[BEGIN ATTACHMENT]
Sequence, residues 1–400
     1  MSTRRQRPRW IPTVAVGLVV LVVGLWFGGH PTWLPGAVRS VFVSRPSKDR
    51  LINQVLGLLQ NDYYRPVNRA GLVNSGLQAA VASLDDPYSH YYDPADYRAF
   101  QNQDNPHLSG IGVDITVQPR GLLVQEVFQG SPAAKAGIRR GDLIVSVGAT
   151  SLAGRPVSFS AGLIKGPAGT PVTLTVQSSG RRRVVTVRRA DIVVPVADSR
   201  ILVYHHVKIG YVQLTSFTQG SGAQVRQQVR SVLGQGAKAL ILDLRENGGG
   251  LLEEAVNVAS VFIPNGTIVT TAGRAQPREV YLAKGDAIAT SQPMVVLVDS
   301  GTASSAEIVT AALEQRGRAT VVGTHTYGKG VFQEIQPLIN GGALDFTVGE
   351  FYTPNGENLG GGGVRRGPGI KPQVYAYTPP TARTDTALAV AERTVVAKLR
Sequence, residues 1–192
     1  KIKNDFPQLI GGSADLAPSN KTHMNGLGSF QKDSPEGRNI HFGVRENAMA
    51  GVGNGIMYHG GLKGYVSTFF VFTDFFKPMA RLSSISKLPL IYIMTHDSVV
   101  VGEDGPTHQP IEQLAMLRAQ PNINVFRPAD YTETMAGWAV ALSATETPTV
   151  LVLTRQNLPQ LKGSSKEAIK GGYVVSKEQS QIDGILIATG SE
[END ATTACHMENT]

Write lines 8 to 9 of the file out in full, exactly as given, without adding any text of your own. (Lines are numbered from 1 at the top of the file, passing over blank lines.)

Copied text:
   301  GTASSAEIVT AALEQRGRAT VVGTHTYGKG VFQEIQPLIN GGALDFTVGE
   351  FYTPNGENLG GGGVRRGPGI KPQVYAYTPP TARTDTALAV AERTVVAKLR